Is means-plus-function claims the answer to US antibody claims?

In the US claims to antibodies generally require the inclusion of specific sequences, mechanisms of action and/or epitopes in order to be accepted.  This contrasts with the EPO where more functional language is often acceptable.  One of the factors determining this difference is that the EPO generally considers the preparation of antibodies to be a routine procedure for the skilled person, and so the function of the antibody can be considered novel.   In contrast, the USPTO generally considers the development of an antibody to be an inventive development but therefore requires the antibody to be very closely defined.

However, in a significant development we now report, means-plus-function language for a claim to an antibody complied with both of the USPTO requirements for written description and for the claim not to be indefinite.

Where functional language alone is used in US claims, such claims commonly attract written description and enablement objections.  Enablement requires that the skilled person be able to make and use the invention, while the requirement for a written description means the invention must be adequately described in the specification, with the inventor being able to disclose the technologic knowledge on which the invention is based and demonstrate that he or she was in possession of the full invention on filing.

In US16/803,609,, in the name of Chamberlain, the Examiner objected to a claim directed to a method of treating a patient with an antibody on the grounds of lack of written description.  The claim in question was:-

A method of treating a patient by administering an anti-C5 antibody comprising: (a) means for binding human C5 protein; and (b) an Fc domain comprising amino acid substitutions M428L/N434S […], wherein said anti-C5 antibody with said amino acid substitutions has increased in vivo half-life as compared to said antibody without said substitutions.

This claim uses means-plus-function language to define the antibody, and critically does not include specific sequences, mechanism of action or epitopes as typically required under US practice.  While the specification described one example of an anti-CR5 antibody, this was already known in the prior art.

The Examiner rejected the claims, and an appeal was filed to the PTAB, which upheld the appeal.  A rehearing again upheld the rejection also finding the claim indefinite.

The case was appealed to the Federal Circuit, but after the filing of the opening brief by the applicant, the USPTO director requested that the case be remanded back to the ARP (Appeals Review Panel) for an analysis of means-plus function claim in biotechnology, and particular antibodies.  This remand request was granted.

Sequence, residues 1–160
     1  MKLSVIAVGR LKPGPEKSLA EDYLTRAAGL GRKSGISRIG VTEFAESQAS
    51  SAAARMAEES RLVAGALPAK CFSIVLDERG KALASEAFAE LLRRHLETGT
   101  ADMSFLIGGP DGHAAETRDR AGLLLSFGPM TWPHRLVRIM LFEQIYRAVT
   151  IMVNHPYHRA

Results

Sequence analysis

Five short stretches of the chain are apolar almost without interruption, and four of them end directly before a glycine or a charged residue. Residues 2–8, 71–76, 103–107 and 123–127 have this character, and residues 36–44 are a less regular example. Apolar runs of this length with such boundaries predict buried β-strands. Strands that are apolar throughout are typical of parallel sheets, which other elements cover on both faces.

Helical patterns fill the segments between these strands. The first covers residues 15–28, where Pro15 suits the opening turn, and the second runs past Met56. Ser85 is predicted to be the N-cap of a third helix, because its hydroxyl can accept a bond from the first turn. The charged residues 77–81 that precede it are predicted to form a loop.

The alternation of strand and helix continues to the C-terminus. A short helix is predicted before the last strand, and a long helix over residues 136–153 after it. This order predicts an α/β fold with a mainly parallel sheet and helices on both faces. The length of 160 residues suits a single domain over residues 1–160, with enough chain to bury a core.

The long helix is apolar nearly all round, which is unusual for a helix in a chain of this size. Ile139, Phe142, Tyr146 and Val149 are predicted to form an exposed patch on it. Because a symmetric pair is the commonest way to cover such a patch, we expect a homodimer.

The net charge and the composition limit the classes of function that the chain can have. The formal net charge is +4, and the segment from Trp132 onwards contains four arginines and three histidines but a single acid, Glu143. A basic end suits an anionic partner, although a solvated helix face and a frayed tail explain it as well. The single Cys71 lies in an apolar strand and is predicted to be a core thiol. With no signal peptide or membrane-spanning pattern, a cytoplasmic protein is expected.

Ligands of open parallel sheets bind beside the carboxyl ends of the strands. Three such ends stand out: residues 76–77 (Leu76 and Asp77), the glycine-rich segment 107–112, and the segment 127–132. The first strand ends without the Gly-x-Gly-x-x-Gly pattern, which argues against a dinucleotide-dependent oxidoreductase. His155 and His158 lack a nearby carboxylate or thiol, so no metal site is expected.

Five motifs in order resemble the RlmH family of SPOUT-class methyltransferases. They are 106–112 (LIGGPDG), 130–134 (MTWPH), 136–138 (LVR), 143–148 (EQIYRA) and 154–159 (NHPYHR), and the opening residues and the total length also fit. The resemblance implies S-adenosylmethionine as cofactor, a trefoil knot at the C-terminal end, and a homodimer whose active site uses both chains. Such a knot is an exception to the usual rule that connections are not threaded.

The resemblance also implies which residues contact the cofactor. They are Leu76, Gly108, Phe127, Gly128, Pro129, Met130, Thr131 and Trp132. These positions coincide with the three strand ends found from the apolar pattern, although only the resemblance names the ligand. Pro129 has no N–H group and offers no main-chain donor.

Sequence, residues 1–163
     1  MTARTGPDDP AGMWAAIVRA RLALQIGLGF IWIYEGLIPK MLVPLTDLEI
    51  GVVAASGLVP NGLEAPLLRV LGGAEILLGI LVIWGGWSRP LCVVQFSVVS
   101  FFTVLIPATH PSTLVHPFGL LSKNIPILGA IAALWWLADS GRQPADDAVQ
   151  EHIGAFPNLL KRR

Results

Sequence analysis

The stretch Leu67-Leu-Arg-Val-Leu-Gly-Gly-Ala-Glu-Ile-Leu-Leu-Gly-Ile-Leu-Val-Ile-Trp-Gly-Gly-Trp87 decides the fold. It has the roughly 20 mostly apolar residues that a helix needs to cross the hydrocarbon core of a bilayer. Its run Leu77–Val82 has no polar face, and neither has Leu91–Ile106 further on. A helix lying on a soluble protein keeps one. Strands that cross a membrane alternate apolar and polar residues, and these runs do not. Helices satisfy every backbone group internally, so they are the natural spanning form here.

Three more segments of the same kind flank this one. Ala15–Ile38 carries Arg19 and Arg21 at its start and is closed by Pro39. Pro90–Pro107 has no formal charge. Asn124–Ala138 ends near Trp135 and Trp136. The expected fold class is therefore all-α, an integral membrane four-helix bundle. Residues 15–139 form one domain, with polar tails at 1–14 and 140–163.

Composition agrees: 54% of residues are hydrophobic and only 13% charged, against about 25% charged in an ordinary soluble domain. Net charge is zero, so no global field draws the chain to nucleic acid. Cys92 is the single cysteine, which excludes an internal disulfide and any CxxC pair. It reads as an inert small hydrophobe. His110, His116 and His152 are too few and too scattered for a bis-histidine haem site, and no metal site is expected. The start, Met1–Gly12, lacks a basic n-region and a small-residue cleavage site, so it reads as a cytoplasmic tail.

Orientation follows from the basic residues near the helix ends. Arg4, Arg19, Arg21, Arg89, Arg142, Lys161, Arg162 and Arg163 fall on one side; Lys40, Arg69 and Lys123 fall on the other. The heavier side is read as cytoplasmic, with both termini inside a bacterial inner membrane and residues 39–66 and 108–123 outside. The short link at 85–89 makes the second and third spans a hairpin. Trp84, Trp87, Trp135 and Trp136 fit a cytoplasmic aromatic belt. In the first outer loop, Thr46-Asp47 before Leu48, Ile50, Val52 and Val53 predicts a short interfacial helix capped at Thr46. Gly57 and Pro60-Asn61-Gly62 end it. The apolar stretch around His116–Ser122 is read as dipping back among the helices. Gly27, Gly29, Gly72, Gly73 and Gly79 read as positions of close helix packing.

The ARP considered two questions.  The first question was whether the preamble was limiting and lacked written description, and here the ARP found that the language was limiting, and because the specification did not describe the treatment of any disease with the antibody, it did lack written description.

The second question was whether the means-plus-function language for antibody claims was definite and satisfied the written description requirement.  Here the APR first noted that the language “means for binding human C5 protein” in the claim was a means-plus-function limitation, and then noted that the example in the description of the anti-CR5 antibody corresponded to this requirement.  Critically, the ARP also found that “it is not necessary for the specification to describe equivalents of [the antibody] to meet the definite requirement”.  In conclusion the ARP said:-

It is true that the section 12, rule 6 provides that a means plus function element “shall be construed to cover the corresponding structure, material or act describe in the specification and equivalents thereof”.  That is, the claim is interpreted to cover both the corresponding structure, material or act described in the specification, as well as equivalents of that structure, material or act.  Notably, section 112, rule 6 does not state that the specification must also describe equivalents of that structure.  If Congress had intended the statute to require a description of equivalents, it could have placed “and equivalents thereof” before “described in the specification”, which it did not do. “

Thus, the ARP concluded that the means-plus-function language for the antibody complied with the requirement for written description and that the claim could not be rejected for indefiniteness.

This decision does not solve the problem with antibody claims in the US, in particular in that it does not consider the question of enablement.  However, it does appear to be a step in the right direction. In this case, ultimately, the claim was still rejected, but promisingly the rejection was not in relation to the antibody definition.

Nevertheless, this does give hope that means-plus-function language could assist in antibody cases and it is “worth a go”.

Our articles are for general information only. They should not be considered specific legal advice, which is available upon request. All information in our articles is considered to be accurate at the date of publishing.

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